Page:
Ahead of the release of Ranveer Singh and Alia Bhatt-starrer Gully Boy, which is inspired by the underground rap scene in Mumbai, there has been a lot of media attention on Indian rappers, especially DIVINE and Naezy. The film explores the lives of the hip hop community in Mumbai and is inspired by DIVINE, whose song Mere Gully Mein, with rapper Naezy and produced by Sez On The Beat, had hit the right notes with music lovers.
However, Azadi Records, a Delhi-based independent record label, said in response to HuffPost India’s queries that it would be unfair to say that Gully Boy was solely responsible for the sudden interest in hip hop.
Azadi, whose artists include Siri and Prabh Deep, said that before signing an artist, they look for the story being told—one that comes from a place and a community that hasn’t been heard from before or is being told using a different narrative.
If you’ve been wanting to listen to some great Indian rappers (apart from DIVINE and Naezy, who you should definitely check out), here’s a handy list:
Prabh Deep, whose album Class-Sikh was the debut release of Azadi Records, recounts the struggles of unemployment and the problem of drug addiction on the streets of Delhi through his music.
About why he chose the streets of Delhi as his subject, Prabh Deep told HuffPost India, “It’s where I grew up and learnt everything about life. I can only talk about what I’ve experienced, and everything that I have comes from the streets of Tilak Nagar.”
In Suno, he talks about how the “streets are ablaze with strange sounds” and says he is laying bare what’s happening on the streets. Watch the full video below:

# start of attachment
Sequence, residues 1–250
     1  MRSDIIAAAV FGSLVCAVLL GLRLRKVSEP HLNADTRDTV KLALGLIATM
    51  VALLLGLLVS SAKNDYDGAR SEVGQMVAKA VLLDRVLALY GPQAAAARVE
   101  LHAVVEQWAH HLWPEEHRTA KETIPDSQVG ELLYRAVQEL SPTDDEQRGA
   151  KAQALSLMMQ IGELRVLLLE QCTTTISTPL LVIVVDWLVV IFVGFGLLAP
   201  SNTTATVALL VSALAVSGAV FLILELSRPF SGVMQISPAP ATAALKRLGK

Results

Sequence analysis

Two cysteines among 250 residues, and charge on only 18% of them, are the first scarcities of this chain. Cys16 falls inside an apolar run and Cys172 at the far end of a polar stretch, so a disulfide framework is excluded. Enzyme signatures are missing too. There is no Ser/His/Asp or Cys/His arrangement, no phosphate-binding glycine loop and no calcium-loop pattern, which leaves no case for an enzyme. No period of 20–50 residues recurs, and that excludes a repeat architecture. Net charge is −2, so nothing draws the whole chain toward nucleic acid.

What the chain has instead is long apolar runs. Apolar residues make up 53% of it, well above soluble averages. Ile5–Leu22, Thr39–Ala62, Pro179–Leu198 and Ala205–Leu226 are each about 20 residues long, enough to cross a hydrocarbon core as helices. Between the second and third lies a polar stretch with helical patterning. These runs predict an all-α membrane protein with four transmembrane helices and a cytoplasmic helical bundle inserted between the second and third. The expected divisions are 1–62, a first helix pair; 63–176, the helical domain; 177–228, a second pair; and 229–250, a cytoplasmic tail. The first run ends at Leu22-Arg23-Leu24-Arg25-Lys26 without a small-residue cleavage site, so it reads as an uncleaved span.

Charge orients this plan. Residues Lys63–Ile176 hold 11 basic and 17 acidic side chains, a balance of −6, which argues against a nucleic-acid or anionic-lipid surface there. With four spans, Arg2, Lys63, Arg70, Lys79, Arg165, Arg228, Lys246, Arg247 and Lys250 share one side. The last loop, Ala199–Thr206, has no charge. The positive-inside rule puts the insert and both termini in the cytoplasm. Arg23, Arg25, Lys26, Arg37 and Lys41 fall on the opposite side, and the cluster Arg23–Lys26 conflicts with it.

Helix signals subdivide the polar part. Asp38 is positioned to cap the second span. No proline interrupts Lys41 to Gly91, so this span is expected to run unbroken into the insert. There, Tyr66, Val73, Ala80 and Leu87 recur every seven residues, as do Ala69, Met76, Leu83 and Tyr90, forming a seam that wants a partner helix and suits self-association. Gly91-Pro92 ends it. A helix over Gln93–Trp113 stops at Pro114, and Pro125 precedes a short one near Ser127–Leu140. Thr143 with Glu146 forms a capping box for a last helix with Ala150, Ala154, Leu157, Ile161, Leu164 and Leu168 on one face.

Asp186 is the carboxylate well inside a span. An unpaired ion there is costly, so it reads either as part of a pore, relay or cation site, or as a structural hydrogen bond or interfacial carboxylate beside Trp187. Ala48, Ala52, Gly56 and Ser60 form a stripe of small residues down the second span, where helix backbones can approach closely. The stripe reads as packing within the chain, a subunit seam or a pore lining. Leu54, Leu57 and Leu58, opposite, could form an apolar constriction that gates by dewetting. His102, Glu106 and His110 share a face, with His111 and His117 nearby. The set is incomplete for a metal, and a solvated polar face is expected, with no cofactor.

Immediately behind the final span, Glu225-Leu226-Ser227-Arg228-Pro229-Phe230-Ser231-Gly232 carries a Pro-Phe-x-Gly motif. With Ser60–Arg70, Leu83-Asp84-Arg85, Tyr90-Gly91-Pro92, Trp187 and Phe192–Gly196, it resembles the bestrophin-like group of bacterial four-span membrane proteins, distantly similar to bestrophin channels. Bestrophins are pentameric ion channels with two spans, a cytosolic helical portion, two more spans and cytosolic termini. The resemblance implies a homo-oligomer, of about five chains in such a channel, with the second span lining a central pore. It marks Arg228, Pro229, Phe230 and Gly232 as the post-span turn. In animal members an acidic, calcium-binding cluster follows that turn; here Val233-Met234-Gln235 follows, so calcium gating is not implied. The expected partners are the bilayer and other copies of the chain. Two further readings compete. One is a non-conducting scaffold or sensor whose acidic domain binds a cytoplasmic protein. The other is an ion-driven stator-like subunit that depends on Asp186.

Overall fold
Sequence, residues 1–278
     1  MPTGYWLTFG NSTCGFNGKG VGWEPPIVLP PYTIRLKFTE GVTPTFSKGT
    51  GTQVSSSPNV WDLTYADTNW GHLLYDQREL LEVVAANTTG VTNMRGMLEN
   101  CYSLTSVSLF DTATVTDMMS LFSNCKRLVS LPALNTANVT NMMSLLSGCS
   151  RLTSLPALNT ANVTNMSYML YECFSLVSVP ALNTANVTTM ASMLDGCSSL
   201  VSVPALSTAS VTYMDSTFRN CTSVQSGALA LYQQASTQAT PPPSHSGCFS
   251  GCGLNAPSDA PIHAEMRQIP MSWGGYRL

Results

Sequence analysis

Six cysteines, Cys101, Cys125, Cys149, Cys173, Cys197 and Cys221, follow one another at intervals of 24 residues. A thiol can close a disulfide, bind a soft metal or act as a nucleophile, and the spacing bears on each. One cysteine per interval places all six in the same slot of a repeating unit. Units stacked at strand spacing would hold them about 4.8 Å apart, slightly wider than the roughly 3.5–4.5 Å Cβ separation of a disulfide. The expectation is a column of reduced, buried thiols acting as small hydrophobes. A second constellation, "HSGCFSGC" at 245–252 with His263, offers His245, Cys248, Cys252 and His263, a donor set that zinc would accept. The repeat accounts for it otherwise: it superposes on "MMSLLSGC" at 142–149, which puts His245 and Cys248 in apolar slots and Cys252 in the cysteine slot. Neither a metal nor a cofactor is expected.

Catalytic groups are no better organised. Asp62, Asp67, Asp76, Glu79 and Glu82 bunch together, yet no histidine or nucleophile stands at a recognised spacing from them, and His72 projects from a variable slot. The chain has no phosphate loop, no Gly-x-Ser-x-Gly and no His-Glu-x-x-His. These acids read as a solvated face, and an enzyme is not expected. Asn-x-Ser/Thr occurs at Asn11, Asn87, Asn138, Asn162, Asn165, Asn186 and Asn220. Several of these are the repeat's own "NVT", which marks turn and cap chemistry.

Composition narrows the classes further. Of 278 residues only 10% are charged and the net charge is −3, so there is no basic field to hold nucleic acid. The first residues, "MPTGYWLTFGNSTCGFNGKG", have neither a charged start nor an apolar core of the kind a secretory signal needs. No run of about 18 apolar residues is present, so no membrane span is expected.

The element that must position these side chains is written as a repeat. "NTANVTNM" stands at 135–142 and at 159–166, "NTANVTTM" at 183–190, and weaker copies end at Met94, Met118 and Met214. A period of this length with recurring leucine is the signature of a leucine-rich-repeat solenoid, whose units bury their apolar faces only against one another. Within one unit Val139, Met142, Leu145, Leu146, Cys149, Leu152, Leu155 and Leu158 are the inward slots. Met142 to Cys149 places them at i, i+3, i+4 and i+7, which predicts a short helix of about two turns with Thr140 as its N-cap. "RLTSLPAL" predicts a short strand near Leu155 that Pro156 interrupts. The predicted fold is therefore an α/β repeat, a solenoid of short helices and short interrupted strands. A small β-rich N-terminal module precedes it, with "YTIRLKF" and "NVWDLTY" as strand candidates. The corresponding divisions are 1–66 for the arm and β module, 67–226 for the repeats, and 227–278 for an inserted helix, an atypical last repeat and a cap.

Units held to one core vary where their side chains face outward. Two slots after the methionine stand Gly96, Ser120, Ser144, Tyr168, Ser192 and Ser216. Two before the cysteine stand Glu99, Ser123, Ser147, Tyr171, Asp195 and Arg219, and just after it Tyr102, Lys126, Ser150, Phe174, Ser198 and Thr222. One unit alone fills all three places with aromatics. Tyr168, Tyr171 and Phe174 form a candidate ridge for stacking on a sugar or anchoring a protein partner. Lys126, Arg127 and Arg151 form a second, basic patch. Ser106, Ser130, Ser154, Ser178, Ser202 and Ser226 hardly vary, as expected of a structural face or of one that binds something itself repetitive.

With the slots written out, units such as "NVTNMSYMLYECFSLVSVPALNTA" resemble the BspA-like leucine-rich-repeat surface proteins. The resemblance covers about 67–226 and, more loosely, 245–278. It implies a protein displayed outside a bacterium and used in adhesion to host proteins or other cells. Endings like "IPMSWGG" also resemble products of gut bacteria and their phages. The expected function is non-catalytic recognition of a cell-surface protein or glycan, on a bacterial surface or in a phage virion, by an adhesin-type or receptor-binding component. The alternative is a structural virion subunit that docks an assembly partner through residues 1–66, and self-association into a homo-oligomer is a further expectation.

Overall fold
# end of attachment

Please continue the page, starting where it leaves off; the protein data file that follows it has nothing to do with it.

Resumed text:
K4 Kekho, an artiste from Arunachal Pradesh, raps about the discrimination faced by the people of North East. His video I Am An Indian, he says, is inspired by true incidents and situations that the people of North East have to face in mainland India.
He told The Print that complaints from his outstation friends about the racism they faced, was his inspiration. The challenge was to spread awareness without hurting anybody’s sentiments, he added. Watch his video below:
Siri is one of the few female rappers in India. Her track Live It is a message to people that they don’t need anyone’s approval to be themselves. When she’s writing, she told HuffPost India, she just wants to sound fierce and nonchalant. “It’s a subtle message of being empowered.”
She also said that she wants more women rappers on the Indian music scene.
Hear her track below:
She also features in Girliyapa’s “power anthem” Tu Bas Naach.
Swadesi is a multi-lingual hip-hop crew based in Mumbai, which has taken up the deforestation of Mumbai’s Aarey forest in their work. They recently participated in a fundraising event called ‘Awaaz Do’, where the proceeds went towards NGO Vanashakti’s efforts to conserve Aarey Forest.
Swadesi released their latest track, The Warli Revolt, in support of the forest and the tribals who call it home. Apart from Aarey, Swadesi told HuffPost India, they “take a keen view of what’s going in the socio-political space” for their music.
Listen to The Warli Revolt below:
The bi-lingual duo, Encore ABJ and Calm, recently released their debut album Bayaan. Their track Shaktimaan portrays the frustrations of an aam aadmi.
Encore ABJ told HuffPost India, “Growing up and trying to understand how system works in our day-to-day lives, I came across a lot of people/encounters which got me thinking that people often sell themselves short. They give up something just because it’s easier flowing with the current than opposing it. This eventually stems out to herd/sheep mentality.”
Shaktimaan, he said, comes from a place of recognising your own potential. “I mean REALLY recognise oneself. Often I feel that people have more potential than they give themselves credit for.”
Listen to Shaktimaan below:
Samos, a Dalit rapper, uses his music to create awareness about casteism. In his video Ladai Seekh Le, he talks about caste discrimination.
The rapper told News18 that it is important to use art to tell the stories of everyday oppression of people, especially the downtrodden masses. Watch the video below.
Smokey the Ghost
Smokey the Ghost’s concept-mixtape ‘Her name is ?’ is inspired by his “past relationships with women, politics and his parents”. He told The New Indian Express that the mixtape attempts to address how society has abused “the woman’s identity for centuries”.
“Gender roles are a social construct,” he added.
Listen to the mixtape below: